The Permaculture world lost one of it’s greatest assets last week. Permaculture designer, teacher and activist, Joe Polaischer of New Zealand’s famed Rainbow Valley Farms , sadly, passed away last week from a brain tumor.
I was lucky enough to have met Joe and his partner Trish Allen over a weekend during an early New Zealand spring visit a couple of years ago. They graciously invited me out to see the farm, allowed me to walk around taking pictures, and took time out of their busy schedule to talk with me and answer any questions I had.
Over the short time I was able to spend with them that weekend, I was truly impressed not just by their words, but by their actions. I was able to see the farm and how it was transformed over twenty years from a piece of gorse infested “trash” land...to an oasis of biodiversity...a land of plenty.
I saw the home built with his own two hands...the two hands of his partner and the cooperation of a few of his neighbors. I witnessed the spirit of community inspired by the local farmers market in Matakana which he helped to start...which is now an extremely popular weekend stop for many locals, tourists and Aucklanders alike. I saw how Joe would educate people by chatting, not just over the counter, but face to face with visitors passing around their booth, giving tips in sustainable living with demonstrations and passing on details about how to grow (and continue growing) certain plants that he sold (and traded).
After the market closed that day, Joe, his intern, a couple volunteers and locals allowed a couple pints to grease the wheels of the mind and share ideas about permaculture and sustainable living. Joe’s jovial smile, jokes and conversation seemed to be the central hub of this thriving community. Possibilities were discussed, and worthy ideas were often put to practice back on the farm. His mind was critical, but open. His experiments met with both success and failure (if you can call learning from mistakes a failure). He planted thousands of trees in his life, and proved many an “expert” wrong by growing things with permaculture principles, that probably shouldn’t have grown on his property, such as sugar cane.
Joe seemed to approach life with a creative and positive passion. I didn’t hear a single word of pessimism come from his lips while I was around. He seemed to be a jack of all trades, and a master of most of his skills... woodworking, carpentry, organic farming and most of all...working with, teaching and inspiring people. He had an almost crystal clear vision of the sustainable life and happiness possible by living through permaculture...and he didn’t just talk...he acted toward that vision. I remember him saying that you can’t just read, write, research and talk about permaculture... you have to do it...and that...he did.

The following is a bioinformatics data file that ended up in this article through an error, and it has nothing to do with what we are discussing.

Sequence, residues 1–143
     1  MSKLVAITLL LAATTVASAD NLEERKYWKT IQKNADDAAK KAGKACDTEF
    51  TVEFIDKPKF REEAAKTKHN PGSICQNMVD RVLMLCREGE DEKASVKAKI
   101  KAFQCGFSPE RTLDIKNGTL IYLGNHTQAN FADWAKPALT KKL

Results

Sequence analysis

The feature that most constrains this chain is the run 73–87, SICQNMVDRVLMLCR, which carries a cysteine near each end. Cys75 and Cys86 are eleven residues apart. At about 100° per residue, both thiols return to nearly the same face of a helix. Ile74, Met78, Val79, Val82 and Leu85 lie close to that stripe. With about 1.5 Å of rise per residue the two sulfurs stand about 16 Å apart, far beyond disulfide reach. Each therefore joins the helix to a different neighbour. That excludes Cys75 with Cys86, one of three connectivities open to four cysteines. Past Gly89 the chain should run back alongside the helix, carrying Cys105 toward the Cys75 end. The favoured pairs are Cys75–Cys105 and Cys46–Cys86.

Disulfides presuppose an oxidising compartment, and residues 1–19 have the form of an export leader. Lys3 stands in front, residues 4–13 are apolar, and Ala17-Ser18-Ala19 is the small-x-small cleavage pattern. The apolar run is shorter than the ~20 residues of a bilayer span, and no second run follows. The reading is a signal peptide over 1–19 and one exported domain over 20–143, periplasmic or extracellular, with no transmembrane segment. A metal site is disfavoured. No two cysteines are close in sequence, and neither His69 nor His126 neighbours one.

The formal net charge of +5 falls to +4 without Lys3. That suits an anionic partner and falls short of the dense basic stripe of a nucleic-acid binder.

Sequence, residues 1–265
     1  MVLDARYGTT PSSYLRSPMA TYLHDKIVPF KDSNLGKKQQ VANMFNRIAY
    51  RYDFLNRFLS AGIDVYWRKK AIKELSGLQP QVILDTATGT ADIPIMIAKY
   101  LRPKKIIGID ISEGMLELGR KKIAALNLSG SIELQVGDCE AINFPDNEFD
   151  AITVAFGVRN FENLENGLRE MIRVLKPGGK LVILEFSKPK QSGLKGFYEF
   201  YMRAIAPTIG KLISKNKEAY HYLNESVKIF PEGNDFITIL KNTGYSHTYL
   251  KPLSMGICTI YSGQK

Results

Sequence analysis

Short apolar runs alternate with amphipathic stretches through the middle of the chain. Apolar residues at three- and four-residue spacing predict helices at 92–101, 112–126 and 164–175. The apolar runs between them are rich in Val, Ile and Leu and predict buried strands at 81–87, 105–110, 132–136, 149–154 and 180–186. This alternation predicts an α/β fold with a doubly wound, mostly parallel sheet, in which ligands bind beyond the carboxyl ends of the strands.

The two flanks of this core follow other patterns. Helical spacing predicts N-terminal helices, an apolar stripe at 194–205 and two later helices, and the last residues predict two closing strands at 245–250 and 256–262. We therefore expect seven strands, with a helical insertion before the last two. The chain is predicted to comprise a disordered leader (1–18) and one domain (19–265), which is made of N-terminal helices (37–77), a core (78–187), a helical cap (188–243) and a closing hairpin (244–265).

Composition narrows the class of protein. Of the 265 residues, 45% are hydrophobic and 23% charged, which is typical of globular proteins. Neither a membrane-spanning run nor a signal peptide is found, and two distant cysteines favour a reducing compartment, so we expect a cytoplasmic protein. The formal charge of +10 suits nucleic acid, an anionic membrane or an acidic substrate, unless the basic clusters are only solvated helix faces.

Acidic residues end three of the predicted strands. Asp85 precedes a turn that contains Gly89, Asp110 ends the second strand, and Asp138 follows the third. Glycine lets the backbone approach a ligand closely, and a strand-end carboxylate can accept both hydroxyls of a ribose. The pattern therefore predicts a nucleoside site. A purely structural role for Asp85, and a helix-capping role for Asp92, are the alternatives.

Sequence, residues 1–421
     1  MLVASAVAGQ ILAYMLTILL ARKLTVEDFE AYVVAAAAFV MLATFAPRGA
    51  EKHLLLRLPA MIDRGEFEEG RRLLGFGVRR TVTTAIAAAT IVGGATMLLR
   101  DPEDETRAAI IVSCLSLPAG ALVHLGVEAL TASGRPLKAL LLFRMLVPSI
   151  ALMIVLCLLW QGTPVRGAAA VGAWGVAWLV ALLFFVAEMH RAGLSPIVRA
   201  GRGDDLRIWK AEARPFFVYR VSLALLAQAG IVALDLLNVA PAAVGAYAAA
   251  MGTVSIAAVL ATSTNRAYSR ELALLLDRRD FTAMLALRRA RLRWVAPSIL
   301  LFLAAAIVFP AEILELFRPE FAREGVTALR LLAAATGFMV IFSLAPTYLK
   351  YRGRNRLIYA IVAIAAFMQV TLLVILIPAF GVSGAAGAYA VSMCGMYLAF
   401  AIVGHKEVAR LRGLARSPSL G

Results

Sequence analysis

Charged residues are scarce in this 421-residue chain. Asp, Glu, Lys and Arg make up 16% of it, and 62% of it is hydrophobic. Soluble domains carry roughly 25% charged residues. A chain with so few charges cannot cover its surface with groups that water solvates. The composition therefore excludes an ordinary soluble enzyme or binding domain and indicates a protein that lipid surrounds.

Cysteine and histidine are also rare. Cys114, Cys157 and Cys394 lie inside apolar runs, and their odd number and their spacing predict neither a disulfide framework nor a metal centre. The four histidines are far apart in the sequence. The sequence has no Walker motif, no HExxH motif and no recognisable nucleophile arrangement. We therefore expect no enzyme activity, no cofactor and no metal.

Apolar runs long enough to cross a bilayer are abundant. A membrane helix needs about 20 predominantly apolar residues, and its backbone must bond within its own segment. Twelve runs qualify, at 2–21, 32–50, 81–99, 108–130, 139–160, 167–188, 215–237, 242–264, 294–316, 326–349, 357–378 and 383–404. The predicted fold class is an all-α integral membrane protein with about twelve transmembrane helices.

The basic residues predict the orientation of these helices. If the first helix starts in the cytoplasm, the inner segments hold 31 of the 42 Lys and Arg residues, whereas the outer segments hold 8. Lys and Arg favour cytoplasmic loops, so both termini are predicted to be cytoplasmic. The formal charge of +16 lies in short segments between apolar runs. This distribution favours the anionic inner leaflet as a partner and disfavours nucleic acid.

Joe has been an inspiration to many people from many countries and cultures around the world and of all ages. The Rainbow Valley farm that Joe and Trish created is proof that permaculture design principles truly work. It’s proof that a life of sustainable happiness is possible. Joe’s showmanship, workmanship, friendliness and passion couldn’t help but bring out the best in both people and nature. His former "wasteland", is now rich with organic soil and the abundant life that it supports...all created by nature with his guiding hand, passion and “hard play” (as he likes to call his work). The farmers market which he helped launch off the ground is now a place that brings people together around the organic and friendly lifestyle that humans were meant to live. In short, I would say that Joe and Trish worked toward creating a paradise and set an example that we all can follow.
Joe may have passed-on...but I believe he shall always live on through his inspiration, creation and by the example that he set by his own life. He will live on through his work, his teachings, his students and the random lives he touched (like mine) along the way. My only wish is that he could still be here to pass on more wisdom and inspire more people...to inspire more life.
In closing, all I can really say, is “Thanks, Joe, for being an example of a truly decent human being...you shall be missed and you shall also be celebrated.”
-Scott A. Meister